OTTAWA — Senators forward Clarke MacArthur was just eight years old the last time a Canadian-based NHL team won the Stanley Cup.
Since that magical run by the 1993 Montreal Canadiens, who won an NHL-record 10 playoff games in overtime, five Canadian teams have made it all the way to the Stanley Cup final only to lose. The Senators had their chance in 2007, when they lost to the Anaheim Ducks in five games.
MacArthur grew up in Lloydminster, Alta., and played his junior hockey in Medicine Hat. Over his 11 NHL seasons he’s made stops in Buffalo, Atlanta, Toronto and now Ottawa. He knows what the game of hockey and the Stanley Cup mean to Canada.
Now just two wins away from the Stanley Cup final after Wednesday night’s 5-1 win over the Pittsburgh Penguins, this is the closest MacArthur has come to playing for hockey’s ultimate prize.
“I think about it a lot,” MacArthur says. “What a great feeling to have a chance to win. We’re right here. It’s crazy to think how hard it is to win.”
Dreaming of the Cup
MacArthur would know. His career appeared in serious jeopardy when, in late January, the Senators announced he wouldn’t play another game this season because of post-concussion issues.
But at the beginning of April he made his triumphant return to the lineup, and he went on to score the series-winning overtime goal in Ottawa’s opening-round victory over the Boston Bruins.
In 2005 MacArthur won a world junior hockey championship as a member of Team Canada alongside current Senators teammate Dion Phaneuf. But it’s that Cup that has eluded MacArthur throughout his entire career.
“In your head you’re like, what would I do if I won the Cup?” MacArthur says. “You just start day-dreaming about things and that’s the cool thing about it.”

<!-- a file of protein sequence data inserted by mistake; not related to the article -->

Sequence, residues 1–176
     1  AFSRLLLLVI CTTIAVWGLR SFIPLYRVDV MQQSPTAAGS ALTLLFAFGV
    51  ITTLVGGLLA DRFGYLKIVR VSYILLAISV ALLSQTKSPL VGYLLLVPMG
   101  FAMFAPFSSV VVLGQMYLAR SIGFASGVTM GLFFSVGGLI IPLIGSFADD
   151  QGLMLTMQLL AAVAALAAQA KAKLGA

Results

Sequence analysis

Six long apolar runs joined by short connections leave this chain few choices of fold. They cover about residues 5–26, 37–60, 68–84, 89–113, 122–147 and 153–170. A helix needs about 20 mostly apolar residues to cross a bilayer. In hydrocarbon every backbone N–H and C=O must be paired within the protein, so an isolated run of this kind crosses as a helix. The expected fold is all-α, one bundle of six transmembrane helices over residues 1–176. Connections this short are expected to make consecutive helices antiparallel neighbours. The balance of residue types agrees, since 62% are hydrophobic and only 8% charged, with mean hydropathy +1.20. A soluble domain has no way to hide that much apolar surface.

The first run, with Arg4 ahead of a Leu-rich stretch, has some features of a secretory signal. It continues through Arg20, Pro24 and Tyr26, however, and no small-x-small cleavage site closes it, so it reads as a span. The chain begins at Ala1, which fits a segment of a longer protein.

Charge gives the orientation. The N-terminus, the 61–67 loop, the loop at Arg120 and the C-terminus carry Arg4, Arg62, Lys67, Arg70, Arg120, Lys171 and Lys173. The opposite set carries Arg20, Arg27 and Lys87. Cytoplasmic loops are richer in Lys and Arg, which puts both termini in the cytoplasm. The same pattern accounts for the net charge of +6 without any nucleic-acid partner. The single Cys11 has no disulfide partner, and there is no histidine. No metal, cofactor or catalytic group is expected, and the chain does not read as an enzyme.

Growing up, MacArthur’s favourite NHL team was the Edmonton Oilers. He was young during those glory days when not only the Oilers, but also the Calgary Flames and Montreal were winning Cups.
But when it comes to this 24-year Canadian Cup curse, MacArthur says the media makes more of it than the players.
“I think it probably gets talked about more with you guys than us,” he says. “But it’s incredible to think about the guys who have gone the distance and won.”
MacArthur’s teammate Derick Brassard, who was born in Hull, Que., not far from Ottawa, has similar feelings about the Canadian Cup drought.
“We’re trying to win it for our fans first,” he says. “We don’t really think about the big picture. If you look at the big picture, your mindset isn’t in the right place.”
If there was ever a time for a Canadian team to win the Stanley Cup, this year would be a good one.
Canada is celebrating its 150th birthday. The NHL is celebrating its 100th year. And the Senators are celebrating the team’s 25th year of existence.
Plus, Ottawa’s roster is more Canadian than any other among the four teams left competing for the Cup.
Of Ottawa’s 19-player roster, 13 are Canadian-born, compared to 10 on the Nashville Predators, eight on the Ducks and just six on the Penguins.
They’re contributing too: in the Sens’ 5-1 victory in Game 3 against Pittsburgh, five different Canadian-born players scored the goals.
Now those Canadian players hope they can find six more wins to start their country’s birthday celebration early by bringing the Cup back home.